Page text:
Research Symposium, 14.-15. November 2019, Frankfurt a. M.
Open Science refers to a research process that allows for the interaction with stakeholders from industry, the general public, and politics. This requires that the processes are accessible, transparent, and encourage exchange, communication, and collaboration. Thus, Open Science directly contributes to the acquisition of knowledge on all levels of the society and, furthermore, allows for the open validation of this acquired knowledge. Open questions remain for researchers about the implementation of Open Science in practice, which are specific to the culture and discipline; furthermore, differences in personality affect researchers’ willingness to share data (Kim & Nah, 2018; Linek, Fecher, Friesike, & Hebing, 2017).
Open research practices are beneficial not only for research, but also for tertiary education. For example, Open Educational Resources (OER) and Open Tools can be used independently of constraints associated with location or time (Blessinger, & Bliss, 2016). At the same time, they allow students to directly participate in the creation of OER, and for the follow-up use of these tools. As well, the communication of the importance of Open Science takes an increasingly central role, as was recently exemplified by the mitigation of the replication crisis. Making study design processes and data open contributes to comprehensive and reproducible research to validate significant results. In relation to tertiary education, little is known about the internal and external factors, and the extent to which they play a role in the teaching and use of open practices (Bossu, & Stagg, 2018).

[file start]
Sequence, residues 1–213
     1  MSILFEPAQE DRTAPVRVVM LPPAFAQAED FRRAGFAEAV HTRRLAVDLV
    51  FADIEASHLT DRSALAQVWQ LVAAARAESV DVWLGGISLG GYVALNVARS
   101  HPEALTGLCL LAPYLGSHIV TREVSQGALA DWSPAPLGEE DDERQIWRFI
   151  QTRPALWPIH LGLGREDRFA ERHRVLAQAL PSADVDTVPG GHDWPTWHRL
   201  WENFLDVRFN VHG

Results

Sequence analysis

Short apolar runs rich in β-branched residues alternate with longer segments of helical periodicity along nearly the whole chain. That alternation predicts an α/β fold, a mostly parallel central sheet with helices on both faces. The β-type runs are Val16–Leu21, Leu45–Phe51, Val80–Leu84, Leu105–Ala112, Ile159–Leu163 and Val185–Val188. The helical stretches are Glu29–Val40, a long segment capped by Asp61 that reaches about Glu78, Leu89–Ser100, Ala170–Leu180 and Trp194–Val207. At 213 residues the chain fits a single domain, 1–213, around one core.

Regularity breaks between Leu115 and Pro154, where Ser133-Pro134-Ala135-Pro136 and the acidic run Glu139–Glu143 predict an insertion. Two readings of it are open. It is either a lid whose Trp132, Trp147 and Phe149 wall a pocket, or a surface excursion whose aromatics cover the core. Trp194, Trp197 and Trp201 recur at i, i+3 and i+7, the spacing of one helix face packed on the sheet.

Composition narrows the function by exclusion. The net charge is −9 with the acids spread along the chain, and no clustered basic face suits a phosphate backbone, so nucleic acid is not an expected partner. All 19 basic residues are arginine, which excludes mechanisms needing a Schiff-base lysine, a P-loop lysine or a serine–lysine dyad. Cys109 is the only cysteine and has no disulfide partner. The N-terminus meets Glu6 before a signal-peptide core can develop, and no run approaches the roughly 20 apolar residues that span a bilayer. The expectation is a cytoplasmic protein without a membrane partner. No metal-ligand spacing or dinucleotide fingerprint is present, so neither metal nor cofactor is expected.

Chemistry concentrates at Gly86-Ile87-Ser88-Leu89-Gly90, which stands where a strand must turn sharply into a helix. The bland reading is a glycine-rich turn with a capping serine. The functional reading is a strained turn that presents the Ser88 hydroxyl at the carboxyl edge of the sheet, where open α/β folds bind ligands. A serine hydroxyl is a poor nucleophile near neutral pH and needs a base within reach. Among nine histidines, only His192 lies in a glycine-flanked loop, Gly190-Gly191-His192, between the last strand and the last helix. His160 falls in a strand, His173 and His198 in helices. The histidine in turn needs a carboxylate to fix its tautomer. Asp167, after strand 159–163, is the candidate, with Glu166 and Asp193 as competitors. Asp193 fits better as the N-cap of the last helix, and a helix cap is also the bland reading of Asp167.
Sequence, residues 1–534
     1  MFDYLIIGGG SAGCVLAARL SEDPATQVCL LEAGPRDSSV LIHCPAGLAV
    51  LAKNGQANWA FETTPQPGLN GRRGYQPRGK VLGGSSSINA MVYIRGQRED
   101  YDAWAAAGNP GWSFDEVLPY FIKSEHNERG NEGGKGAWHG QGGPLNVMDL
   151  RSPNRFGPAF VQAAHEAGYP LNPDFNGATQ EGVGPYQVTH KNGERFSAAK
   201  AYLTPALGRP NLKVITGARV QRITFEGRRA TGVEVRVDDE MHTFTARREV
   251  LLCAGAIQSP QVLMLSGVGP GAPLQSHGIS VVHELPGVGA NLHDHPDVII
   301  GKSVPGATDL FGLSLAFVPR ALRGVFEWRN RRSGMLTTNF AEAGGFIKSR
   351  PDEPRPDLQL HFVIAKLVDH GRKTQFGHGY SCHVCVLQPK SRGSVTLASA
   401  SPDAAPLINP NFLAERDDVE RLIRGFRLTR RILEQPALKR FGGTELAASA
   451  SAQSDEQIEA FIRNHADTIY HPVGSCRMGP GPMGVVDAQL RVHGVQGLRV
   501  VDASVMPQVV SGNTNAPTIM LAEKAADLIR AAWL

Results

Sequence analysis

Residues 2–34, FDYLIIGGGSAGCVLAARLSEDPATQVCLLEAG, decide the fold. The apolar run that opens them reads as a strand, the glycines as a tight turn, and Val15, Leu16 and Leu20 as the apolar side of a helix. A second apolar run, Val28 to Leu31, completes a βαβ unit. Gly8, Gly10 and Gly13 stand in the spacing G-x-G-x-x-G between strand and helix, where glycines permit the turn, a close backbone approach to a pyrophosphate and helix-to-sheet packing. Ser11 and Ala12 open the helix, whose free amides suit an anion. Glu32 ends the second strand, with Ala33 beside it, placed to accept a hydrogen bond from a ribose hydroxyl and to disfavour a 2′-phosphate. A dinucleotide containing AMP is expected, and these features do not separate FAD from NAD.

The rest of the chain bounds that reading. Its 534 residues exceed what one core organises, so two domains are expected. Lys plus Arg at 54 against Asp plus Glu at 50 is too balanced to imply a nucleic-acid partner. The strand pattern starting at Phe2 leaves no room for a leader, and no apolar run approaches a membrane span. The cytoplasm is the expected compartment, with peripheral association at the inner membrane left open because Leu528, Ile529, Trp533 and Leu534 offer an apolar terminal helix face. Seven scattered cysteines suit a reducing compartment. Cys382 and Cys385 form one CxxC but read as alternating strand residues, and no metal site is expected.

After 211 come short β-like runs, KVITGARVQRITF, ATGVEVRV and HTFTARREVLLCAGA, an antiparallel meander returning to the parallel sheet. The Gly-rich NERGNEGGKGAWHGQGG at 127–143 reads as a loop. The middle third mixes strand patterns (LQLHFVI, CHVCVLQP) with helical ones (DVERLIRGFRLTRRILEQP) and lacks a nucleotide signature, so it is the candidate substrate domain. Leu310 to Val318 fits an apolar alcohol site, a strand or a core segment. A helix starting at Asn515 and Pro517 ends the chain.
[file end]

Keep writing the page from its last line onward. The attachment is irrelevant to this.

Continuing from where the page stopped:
Higher education institutions provide an optimal setting to examine the interactions between open practices in research and teaching because the agents simultaneously conduct research and incorporate it in their teaching. The goal of the current symposium is to obtain a better understanding of this context, as well as understanding the relationship of various factors that influence practices and the tension between data safety, protection of data privacy, and openness (Cronin, 2017).